10. avatar
    Stefano Zuzzi

    Depending by state to state,
    at least just a few countries such a Spain, France, Italy, Grece got involved but meanwhile Spain has many problem to take Att.n off the Ceuta from where they’re coming from.
    By the time that Lybia is till into its disturbances , we can just expect a pluribus unum coast guard in which any country would inevitable be involved but, try to tell it to the countries governments .

    • avatar
      José Bessa da Silva

      Not with my taxes. Expect Lisbon’s parliament burning before any such idiocy is imposed on us.

  11. avatar
    Mauricio Giordanelli

    Yes. Having separate coast guards is schizophrenic, and it places an undue burden on the border countries who are later attacked by the selfish and ignorant politicians of inland countries who are happy to sit back and do nothing to help.

  12. avatar
    Stefania Portici

    NO, se gli sbarchi di tutti GLI IMMIGRATI vengono portati solo nel mio Paese , non può essere una organizzazione privata a farlo che di umanitario ha il dio denaro, deve essere la marina militare e la guardia costiera del Paese che li soccorre. Un conto è l’eccezione e un altro è la regola

  13. avatar
    Joe Grixti

    Yes.. WE must have one Navy.. One Army…and harrying up… WORK FOR UNITED STATES OF EUROPE..

    • avatar
      Paul X

      ..and who will be in charge of these? Armed forces need a clearly defined command and control structure. Considering all the separate agendas within the EU and it’s approach of “managing everything by committee” will mean any EU forces will probably never be deployed and will be useless for anything except for marching around the parade ground to the sound of ode to joy with the blue starred flag flapping in the breeze

  14. avatar
    Tiromanzino May

    Do you mean a big massive low cost travel agency for illegal migrants paid with more EU taxpayers money,?

  15. avatar
    Nicolette Ladoulis

    Now that all the south coast from UK Gibraltar (brexit) to Turkey/Syria is NATO because of Montenegro joining, good luck

  16. avatar
    Lidija Bojčić

    The Schengen agreement, which abolished border controls between its signatories, only works if the EU’s external borders are secure. What happened two summers ago was that some of those borders broke down under the weight of numbers and an aversion – in many ways admirable – on the part of guards to use force.

    As the scenes at Italy’s ports show, the EU frontier is still to an extent porous. The eastern land and sea routes may have been – partially – secured, but the Mediterranean is a harder proposition, and the traffickers flourish.

    At its height, the refugee crisis demonstrated some cardinal weaknesses of the European Union’s security. It exposed not only the inadequacy of its external borders, but the consequences of not having a uniform system for screening new arrivals or common criteria for determining who may stay. Someone rejected at one border might be accepted at another.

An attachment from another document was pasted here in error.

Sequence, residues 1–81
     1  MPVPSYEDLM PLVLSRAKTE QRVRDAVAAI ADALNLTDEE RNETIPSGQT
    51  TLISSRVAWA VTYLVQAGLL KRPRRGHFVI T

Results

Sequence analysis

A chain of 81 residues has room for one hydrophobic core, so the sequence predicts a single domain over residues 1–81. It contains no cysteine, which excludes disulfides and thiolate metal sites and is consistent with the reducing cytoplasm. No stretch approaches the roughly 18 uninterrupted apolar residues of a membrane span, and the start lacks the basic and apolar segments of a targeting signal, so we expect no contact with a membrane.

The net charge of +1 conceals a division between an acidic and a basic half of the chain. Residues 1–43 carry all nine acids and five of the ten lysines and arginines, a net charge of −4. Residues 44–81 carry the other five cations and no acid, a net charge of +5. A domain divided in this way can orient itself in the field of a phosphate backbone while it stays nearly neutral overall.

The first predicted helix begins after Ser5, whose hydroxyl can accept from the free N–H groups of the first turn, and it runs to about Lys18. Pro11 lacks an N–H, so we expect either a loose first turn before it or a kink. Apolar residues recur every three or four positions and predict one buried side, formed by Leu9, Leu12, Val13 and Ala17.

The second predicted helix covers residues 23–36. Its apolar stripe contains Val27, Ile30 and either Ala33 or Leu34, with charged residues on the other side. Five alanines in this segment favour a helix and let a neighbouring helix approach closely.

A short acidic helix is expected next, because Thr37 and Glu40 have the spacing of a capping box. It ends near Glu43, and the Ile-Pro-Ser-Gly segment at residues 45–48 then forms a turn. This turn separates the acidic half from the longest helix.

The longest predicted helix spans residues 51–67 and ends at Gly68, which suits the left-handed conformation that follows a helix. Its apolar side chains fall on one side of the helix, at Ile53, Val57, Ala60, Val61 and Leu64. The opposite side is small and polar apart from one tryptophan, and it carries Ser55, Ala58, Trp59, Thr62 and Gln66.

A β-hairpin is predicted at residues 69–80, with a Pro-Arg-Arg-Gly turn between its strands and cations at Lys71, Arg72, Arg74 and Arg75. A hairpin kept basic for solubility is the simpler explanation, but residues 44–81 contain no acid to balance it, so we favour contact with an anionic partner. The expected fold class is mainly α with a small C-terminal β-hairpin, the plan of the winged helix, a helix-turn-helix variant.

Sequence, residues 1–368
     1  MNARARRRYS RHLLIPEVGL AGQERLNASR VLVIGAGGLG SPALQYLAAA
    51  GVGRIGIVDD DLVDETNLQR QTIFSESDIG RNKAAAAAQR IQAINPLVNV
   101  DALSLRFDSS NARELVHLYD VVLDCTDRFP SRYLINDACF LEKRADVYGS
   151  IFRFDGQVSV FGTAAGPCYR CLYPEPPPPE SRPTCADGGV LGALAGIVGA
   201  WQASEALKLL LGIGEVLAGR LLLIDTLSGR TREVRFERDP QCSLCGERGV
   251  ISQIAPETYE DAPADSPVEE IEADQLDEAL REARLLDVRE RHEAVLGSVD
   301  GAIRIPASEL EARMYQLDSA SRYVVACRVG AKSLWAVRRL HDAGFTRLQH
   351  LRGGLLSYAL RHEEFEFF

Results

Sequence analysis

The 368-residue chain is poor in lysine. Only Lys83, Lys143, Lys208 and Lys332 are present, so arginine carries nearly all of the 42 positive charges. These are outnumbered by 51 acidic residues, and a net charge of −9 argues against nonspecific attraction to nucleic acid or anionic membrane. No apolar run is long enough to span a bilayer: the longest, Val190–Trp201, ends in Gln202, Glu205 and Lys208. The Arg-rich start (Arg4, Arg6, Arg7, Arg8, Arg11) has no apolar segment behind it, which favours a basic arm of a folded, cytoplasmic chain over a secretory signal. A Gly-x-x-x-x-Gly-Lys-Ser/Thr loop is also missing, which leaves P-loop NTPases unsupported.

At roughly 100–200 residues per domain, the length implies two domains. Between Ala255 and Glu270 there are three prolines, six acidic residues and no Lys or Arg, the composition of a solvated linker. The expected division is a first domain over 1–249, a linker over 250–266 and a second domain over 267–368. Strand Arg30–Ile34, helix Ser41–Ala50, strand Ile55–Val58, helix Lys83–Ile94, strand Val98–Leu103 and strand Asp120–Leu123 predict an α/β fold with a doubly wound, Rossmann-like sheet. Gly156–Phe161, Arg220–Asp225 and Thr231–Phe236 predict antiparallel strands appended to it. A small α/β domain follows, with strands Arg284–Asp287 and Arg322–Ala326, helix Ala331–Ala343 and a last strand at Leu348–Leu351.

Progress in formulating common standards and building a single EU border force has proved slow. Pooled sovereignty may be a key principle of the EU and pooled security a key aspect of Schengen, but the theory is a lot simpler than the practice.

    And as memories fade of those desperate scenes two years ago, it must be asked whether a new crisis – or the collapse of the arrangement with Turkey.

    Most likely, the whole question will be kept on hold until after the German election. Only then, probably, will the serious talking about EU border security commence, and probably a common coast guard. Until that, Europe shouldn’t stay border-free internally because it can’t guarantee its shared external border.

    31/08/2017 Judith Sunderland, Associate Director of the Europe and Central Asia Division of Human Rights Watch, has responded to this comment.

  17. avatar
    Ivan Burrows

    How on earth can 51 Nation States have the same coast guard ?? not thought that question through have you.

  18. avatar
    Paul X

    The immigration problem will not be solved by an EU coast guard, it matters not who is physically patrolling the med if they are all following the same liberal left agenda by people who fund their moral beliefs off the backs of European taxpayers

    What is required is a change of attitude and an organisation that actually “Guards the Coast” as opposed to acting as a welcoming committee…… at the moment it’s all a game played between people traffickers and the various agencies “rescuing” refugees, they know exactly who each other is and what is going to happen..refugees get dumped in international waters where they get picked up and ferried to Europe…..well it’s time someone had the balls to stand up, get tough and say we aren’t playing any more

  19. avatar

    Of course we need a common Coast Guardia and it should be working already.
    We can not still have a common border but 28 different Coast Guard. It has any sense.

  20. avatar
    Mario De Vita

    We could use technology to synergize coastal states’ guards